A federal judge Wednesday ordered "pharma bro" Martin Shkreli to stop commenting on his ongoing securities fraud trial in and around the public areas of a New York courthouse after Shkreli went on a five-minute rant to reporters last week.
"I was shocked that there were these comments, these statements," said Judge Kiyo Matsumoto, referring to Shkreli's outbursts. "There's a great risk jurors will be exposed."
Also Wednesday, prosecutors who sought to have Shkreli gagged from talking about the case revealed that Shkreli's defense team several times had approached prosecutors about potentially resolving the case with a guilty plea to avoid going to trial.
Prosecutors said that fact, disclosed for the first time in Brooklyn, New York, federal court, contradicted Shkreli's claim to journalists last week that he never considered a plea offer. The terms of that offer, which presumably would have reduced Shkreli's punishment at sentencing, were not revealed.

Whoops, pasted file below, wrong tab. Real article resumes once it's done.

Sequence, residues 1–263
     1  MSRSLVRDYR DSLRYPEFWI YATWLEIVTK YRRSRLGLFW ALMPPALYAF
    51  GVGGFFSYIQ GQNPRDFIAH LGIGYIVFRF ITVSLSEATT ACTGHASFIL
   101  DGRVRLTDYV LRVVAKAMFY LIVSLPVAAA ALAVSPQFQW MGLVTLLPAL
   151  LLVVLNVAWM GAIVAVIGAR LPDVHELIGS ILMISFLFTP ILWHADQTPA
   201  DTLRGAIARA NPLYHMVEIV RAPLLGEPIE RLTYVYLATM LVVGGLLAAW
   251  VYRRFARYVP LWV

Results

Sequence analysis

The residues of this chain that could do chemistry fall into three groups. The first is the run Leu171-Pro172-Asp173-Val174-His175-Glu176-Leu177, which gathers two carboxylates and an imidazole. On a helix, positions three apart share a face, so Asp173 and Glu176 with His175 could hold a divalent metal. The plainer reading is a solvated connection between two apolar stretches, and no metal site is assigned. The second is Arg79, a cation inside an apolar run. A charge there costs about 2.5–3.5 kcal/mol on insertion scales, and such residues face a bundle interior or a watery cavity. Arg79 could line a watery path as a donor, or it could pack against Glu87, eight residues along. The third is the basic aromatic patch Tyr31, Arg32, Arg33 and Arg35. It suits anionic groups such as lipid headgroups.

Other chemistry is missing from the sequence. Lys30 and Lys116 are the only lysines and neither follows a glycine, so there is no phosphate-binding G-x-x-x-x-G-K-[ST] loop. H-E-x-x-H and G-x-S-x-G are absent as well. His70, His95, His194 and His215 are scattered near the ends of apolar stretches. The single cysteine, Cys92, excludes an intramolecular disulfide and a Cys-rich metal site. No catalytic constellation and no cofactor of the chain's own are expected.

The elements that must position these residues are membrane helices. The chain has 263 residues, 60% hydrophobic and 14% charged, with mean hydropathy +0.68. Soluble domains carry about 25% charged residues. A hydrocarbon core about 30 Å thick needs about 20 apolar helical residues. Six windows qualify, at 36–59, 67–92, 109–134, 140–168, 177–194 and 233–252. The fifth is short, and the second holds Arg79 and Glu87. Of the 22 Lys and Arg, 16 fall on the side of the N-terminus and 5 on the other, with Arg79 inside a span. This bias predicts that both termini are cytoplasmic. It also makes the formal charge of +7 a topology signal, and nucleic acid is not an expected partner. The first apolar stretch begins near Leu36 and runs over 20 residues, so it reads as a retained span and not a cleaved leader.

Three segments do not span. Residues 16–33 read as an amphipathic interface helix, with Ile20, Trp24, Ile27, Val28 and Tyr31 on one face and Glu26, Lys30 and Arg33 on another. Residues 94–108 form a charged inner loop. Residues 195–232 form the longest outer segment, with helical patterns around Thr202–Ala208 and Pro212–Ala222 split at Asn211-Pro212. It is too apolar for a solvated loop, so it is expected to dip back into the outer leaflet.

An angry Benjamin Brafman, Shkreli's lead lawyer, said Shkreli "categorically" refused to even consider a plea deal with the prosecution, although Brafman conceded he himself had reached out to prosecutors about a potential deal.
Brafman said Shkreli told him, "I would never plead guilty to something I did not do. ... We're going to trial."
Brafman said that he was bound ethically to see if the case could be resolved before going to trial to protect the interests of his client.
But, "He told me, 'I'm not pleading guilty to something did not do,'" Brafman said.